The CRS-6 Dragon spacecraft in the pre-release position, still attached to Canadarm2. Photo Credit: Samantha Cristoforetti/Twitter/NASA

The CRS-6 Dragon spacecraft in the pre-release position, still attached to Canadarm2. Photo Credit: Samantha Cristoforetti/Twitter/NASA

According to the original manifest, the planned departure of Virts, Shkaplerov, and Cristoforetti aboard Soyuz TMA-15M on 14 May would have meant that Scott Kelly would have been the only U.S. Orbital Segment (USOS) crew member aboard the ISS for the complex CRS-6 unberthing operation. All previous Dragon unberthings have featured at least two USOS crew members. However, the reshuffling of the ISS manifest in the aftermath of last month’s Progress M-27M failure meant that the return of Soyuz TMA-15M is now expected to occur on 11 June, and, as a result, a full USOS complement of three—Virts, Cristoforetti, and Kelly—were aboard the station today for the CRS-6 departure.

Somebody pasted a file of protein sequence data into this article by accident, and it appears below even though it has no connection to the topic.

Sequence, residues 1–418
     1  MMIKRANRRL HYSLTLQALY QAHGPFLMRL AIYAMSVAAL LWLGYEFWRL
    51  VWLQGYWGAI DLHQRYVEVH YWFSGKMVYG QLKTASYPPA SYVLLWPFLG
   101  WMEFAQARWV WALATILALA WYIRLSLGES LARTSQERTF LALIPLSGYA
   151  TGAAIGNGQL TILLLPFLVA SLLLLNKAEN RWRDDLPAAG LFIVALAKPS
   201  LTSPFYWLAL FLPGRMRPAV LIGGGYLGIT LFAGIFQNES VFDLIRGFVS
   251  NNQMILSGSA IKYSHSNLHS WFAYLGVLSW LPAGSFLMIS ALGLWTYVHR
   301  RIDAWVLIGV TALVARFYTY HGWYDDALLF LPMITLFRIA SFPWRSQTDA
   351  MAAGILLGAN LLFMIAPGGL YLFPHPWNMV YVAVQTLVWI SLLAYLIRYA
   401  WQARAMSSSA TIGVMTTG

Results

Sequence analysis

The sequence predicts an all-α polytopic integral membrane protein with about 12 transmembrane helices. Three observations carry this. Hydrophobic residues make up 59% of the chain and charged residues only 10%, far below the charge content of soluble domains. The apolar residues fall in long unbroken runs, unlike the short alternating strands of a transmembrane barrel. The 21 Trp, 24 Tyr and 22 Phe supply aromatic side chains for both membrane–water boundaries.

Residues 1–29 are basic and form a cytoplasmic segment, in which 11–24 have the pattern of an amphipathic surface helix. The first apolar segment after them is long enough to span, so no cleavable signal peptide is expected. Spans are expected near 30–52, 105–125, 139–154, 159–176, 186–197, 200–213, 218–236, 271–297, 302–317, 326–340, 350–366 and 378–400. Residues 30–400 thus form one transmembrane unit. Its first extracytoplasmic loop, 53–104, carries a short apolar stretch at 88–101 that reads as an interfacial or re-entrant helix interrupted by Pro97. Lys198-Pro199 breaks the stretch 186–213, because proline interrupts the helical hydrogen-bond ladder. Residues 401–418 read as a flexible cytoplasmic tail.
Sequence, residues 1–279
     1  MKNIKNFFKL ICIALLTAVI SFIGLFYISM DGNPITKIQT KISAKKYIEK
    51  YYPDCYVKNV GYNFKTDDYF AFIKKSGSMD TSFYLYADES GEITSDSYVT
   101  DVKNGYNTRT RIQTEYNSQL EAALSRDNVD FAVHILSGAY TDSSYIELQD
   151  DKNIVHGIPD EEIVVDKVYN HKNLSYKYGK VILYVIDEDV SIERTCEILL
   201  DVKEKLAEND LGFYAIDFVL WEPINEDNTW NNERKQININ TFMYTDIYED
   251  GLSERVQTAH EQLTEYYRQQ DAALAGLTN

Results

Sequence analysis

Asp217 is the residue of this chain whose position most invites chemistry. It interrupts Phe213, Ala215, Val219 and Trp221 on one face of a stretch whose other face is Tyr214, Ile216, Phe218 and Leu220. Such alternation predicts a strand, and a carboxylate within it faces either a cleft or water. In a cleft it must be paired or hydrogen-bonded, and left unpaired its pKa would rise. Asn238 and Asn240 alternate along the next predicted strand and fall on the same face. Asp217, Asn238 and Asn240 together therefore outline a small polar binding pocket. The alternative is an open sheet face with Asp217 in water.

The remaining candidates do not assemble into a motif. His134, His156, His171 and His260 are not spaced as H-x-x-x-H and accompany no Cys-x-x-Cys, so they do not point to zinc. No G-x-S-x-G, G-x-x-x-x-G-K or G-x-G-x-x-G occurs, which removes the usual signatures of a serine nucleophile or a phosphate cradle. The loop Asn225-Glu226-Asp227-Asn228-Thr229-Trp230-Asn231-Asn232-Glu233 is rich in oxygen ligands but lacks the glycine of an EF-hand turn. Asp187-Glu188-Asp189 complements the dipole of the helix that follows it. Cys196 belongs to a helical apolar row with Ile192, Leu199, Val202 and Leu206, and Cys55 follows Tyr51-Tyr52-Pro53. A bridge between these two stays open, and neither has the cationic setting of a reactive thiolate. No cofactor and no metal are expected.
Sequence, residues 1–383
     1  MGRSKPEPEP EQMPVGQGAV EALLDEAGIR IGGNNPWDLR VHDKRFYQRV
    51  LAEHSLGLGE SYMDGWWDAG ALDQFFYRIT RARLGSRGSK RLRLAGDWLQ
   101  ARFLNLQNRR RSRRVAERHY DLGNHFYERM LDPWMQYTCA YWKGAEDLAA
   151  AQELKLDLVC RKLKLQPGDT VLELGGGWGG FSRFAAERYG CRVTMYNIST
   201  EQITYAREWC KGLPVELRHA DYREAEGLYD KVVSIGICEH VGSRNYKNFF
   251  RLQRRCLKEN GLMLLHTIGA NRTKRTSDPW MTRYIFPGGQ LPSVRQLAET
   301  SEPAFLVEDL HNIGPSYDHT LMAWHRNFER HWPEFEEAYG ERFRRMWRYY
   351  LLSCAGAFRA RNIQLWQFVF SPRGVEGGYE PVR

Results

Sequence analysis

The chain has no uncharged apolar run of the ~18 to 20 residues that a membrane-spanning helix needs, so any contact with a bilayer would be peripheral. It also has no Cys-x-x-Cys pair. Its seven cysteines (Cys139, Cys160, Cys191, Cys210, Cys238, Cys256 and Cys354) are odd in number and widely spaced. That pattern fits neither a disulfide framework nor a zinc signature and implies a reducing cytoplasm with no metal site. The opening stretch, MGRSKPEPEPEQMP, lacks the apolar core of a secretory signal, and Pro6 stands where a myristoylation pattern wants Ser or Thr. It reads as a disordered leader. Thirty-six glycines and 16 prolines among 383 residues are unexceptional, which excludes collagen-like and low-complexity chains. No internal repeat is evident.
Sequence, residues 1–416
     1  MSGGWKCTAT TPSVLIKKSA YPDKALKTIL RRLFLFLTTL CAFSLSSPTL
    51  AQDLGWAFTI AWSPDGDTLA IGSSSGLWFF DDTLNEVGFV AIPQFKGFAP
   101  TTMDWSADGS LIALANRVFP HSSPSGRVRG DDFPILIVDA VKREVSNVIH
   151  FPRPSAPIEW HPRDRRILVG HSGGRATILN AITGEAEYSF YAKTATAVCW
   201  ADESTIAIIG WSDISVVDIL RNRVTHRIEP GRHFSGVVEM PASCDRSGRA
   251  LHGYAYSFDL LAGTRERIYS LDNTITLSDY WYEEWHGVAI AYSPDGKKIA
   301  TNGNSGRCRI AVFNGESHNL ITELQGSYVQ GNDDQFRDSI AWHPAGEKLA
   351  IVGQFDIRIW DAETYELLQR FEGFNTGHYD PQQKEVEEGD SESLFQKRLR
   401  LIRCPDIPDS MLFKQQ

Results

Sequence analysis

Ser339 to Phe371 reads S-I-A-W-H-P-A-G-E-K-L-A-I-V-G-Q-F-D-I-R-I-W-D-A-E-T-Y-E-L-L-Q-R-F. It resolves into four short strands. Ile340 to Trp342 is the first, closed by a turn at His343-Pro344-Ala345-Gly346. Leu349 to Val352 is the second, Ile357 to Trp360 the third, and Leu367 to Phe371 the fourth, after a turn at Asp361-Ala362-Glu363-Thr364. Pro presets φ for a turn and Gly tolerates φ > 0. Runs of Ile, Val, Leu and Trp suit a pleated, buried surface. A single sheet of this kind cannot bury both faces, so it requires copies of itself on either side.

The cargo ship was closed out and the final payload results were loaded yesterday (Wednesday), and Virts and Kelly grappled Dragon with Canadarm2, ahead of today’s unberthing “Early start today,” tweeted Cristoforetti, early Thursday morning. “@AstroTerry and I began #Dragon final prep at 4:30! #Canadarm2 had already grappled it yesterday.” Virts and Kelly released Dragon into free flight at 7:04 a.m. EDT, whereupon it executed a trio of separation maneuvers to commence its return to Earth. Unlike Japan’s HTV, Russia’s Progress, Europe’s now-retired Automated Transfer Vehicle (ATV), and Orbital Sciences’ Cygnus, the Dragon is the only unpiloted cargo ship which can return large quantities of payloads back to Earth. Commanded by SpaceX flight controllers, Dragon’s Guidance, Navigation and Control (GNC) Bay Door was closed to protect its navigation sensors and the spacecraft performed a 600-second deorbit “burn” at 11:49 a.m. EDT. Its unpressurized “trunk”—which is not intended to survive re-entry—was jettisoned and the pressurized segment plunged into the sensible atmosphere, experiencing peak temperatures of 1,600 degrees Celsius (2,900 degrees Fahrenheit) across its Phenolic Impregnated Carbon Ablator (PICA-X) heat shield.